By Glazer, Nathan
Brookings Review , Vol. 11, No. 4
Recent proposals that U.S. schools and colleges give greater emphasis to the history and accomplishments of America's racial and ethnic minorities--become more "multicultural"--have generated an intense public debate. None of the leading critics of a multicultural curriculum--neither Arthur Schlesinger, Jr., author of The Disuniting of America, nor Diane Ravitch, the educational historian and former assistant secretary of education, nor Albert Shanker, president of the American Federation of Teachers--argues against a healthy diversity that acknowledges the varied sources of the American people and its culture. Still, all see a multicultural curriculum as a threat to the way we live together in a common nation.
Specifically, the critics envisage the possibility that large sections of the American population, particularly poor racial and ethnic groups that have been subjected to discrimination, will receive an education that attributes blame for their condition to the white or European majority and thereby worsens political and social splits along racial and ethnic lines. The gravest fear is that "oppression studies," as opponents label multiculturalism, will cultivate an active hostility among some minorities to the key institutions of state and society, making effective government, as well as the economic progress of such groups, more difficult.
To its critics, multiculturalism looks like a very new thing in American education. In many respects, it is. However, viewed in the long stretch of the history of American public schooling, we can recognize it as a new word for an old problem: how public schools are to respond to and take account of the diversity of backgrounds of their students--religious, ethnic, racial. U.S. public education, at least that part of it in our major cities, has rarely been free of this issue. For some decades. between the decline of European immigration in the 1920s and the rise of black nationalism in the 1960s, we were free of it. Undoubtedly, this halcyon period, during which many of the chief participants in the debate were themselves educated, colors their view of the current dispute.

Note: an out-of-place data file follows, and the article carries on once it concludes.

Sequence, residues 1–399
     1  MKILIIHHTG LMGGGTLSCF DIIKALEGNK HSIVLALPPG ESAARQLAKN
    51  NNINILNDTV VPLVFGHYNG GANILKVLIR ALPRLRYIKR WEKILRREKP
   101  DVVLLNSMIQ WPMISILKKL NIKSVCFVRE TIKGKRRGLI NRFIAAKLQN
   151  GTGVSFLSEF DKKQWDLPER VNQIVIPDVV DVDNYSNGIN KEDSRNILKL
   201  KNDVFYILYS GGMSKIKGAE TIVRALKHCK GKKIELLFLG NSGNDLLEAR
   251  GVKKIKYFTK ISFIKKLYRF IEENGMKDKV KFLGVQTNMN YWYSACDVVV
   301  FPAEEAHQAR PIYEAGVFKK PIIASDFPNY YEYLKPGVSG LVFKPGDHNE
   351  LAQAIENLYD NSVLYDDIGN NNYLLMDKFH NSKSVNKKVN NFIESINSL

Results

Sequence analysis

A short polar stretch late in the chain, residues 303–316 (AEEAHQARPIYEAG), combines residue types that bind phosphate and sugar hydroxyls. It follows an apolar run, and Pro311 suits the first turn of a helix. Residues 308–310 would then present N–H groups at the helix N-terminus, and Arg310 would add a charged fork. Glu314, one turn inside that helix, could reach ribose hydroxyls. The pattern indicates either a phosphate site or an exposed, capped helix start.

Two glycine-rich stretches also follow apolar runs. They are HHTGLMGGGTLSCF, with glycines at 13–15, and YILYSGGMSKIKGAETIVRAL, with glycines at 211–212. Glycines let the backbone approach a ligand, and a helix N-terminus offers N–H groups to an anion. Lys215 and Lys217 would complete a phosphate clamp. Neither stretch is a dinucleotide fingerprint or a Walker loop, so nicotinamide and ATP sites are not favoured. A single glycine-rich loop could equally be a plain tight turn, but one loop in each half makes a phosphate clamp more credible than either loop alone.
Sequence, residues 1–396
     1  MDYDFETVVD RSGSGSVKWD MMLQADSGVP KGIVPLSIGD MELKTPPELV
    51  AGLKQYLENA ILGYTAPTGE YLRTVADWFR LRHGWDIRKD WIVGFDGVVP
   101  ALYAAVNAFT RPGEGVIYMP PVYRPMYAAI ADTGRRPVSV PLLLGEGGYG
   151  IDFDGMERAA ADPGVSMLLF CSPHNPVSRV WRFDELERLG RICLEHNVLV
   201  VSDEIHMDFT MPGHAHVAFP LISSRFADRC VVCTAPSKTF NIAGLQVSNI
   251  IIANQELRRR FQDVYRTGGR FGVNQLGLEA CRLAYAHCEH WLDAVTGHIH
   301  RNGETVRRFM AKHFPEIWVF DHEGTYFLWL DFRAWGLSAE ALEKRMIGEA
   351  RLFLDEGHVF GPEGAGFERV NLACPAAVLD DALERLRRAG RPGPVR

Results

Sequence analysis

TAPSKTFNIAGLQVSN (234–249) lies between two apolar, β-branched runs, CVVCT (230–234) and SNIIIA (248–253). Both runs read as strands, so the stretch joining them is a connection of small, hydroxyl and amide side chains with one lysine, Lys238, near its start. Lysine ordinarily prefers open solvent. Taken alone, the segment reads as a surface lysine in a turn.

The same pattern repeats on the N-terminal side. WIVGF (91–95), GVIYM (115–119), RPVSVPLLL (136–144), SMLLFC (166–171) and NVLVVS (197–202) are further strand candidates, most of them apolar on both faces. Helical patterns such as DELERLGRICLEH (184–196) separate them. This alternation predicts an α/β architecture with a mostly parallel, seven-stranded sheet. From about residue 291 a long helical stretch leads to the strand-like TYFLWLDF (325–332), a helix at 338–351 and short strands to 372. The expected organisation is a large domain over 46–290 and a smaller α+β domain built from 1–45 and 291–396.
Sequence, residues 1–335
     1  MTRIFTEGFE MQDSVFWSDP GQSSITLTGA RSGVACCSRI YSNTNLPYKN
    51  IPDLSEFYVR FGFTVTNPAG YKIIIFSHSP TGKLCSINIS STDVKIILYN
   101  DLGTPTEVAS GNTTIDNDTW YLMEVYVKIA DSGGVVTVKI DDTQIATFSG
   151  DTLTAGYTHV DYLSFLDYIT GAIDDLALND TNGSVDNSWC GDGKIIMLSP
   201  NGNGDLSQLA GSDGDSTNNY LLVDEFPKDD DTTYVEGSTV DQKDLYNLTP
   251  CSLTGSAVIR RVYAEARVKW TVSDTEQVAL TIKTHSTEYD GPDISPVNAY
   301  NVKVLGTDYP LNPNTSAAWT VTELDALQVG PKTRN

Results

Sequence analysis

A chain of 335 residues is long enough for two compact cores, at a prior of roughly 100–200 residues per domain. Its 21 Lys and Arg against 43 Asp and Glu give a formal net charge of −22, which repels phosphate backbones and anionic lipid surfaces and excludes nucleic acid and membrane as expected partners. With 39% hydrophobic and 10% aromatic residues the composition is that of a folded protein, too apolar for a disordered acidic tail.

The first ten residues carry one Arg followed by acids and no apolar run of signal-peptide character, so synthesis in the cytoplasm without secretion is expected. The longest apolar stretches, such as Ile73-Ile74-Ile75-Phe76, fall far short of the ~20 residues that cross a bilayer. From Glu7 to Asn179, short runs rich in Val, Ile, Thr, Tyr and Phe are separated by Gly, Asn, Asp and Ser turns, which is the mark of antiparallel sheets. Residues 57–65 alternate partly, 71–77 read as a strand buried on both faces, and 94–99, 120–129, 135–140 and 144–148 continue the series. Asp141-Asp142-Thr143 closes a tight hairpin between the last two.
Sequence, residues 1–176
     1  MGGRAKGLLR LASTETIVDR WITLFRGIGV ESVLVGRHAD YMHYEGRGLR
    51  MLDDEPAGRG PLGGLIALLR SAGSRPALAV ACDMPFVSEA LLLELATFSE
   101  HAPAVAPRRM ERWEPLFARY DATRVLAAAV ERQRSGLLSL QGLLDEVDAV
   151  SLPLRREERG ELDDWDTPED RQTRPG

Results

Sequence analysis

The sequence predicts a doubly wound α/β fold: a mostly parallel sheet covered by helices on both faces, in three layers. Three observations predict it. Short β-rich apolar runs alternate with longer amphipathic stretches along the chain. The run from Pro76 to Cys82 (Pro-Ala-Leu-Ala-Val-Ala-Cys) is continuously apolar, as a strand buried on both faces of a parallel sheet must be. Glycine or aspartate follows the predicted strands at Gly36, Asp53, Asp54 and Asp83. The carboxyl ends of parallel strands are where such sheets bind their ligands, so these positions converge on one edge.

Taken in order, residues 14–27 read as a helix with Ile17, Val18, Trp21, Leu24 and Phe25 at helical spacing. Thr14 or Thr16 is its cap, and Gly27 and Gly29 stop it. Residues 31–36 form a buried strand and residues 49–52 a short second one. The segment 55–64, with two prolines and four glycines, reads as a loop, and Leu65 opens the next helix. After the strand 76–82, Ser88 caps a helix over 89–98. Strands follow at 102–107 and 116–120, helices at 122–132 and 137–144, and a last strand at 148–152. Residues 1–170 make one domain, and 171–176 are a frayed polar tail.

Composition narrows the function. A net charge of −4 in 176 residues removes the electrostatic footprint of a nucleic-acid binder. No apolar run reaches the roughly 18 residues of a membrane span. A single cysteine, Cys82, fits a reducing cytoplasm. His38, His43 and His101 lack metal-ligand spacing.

As Old as Urban Public Schools
With the origins of urban public education in the 1840s, the first of the "great school wars," as Diane Ravitch calls them in her history of New York City public education, broke out. That first war centered on the demands of Catholic leaders for something like equal treatment for Catholic students in public schools whose principal aim was to socialize children into the Protestant moral and religious world of the mid-19th century. Catholic religious leaders objected in particular to readings from the Protestant King James Bible. Why not the Catholic Douay translation? (No one dreamed, in those distant days, that the First Amendment to the Constitution, with its prohibition of an "establishment of religion," would in time be used to ban all Bible reading in schools.) The outcome of the conflict was that Catholics decided to establish their own schools, to the degree their capacities allowed, and created a separate, Catholic system of education in the major cities of the country.
In the 1880s and 1890s, bitter public disputes broke out about the rights of the children of German immigrants to receive instruction in German. Teaching in German was widely established in Cincinnati, St. Louis, and elsewhere, to the discomfort of nativists and those concerned with the assimilation of immigrants. In 1889, the historian David Tyack tells us, Illinois and Wisconsin "tried to regulate immigrant private and parochial schools by requiring that most instruction be conducted in English. As in the case of Protestant rituals in the schools, the contest over instruction in languages other than English became a symbolic battle between those who wanted to impose one standard of belief and those who welcomed pluralistic forms of education."
World War I, with its encouragement of a fierce national (or was it ethnic? …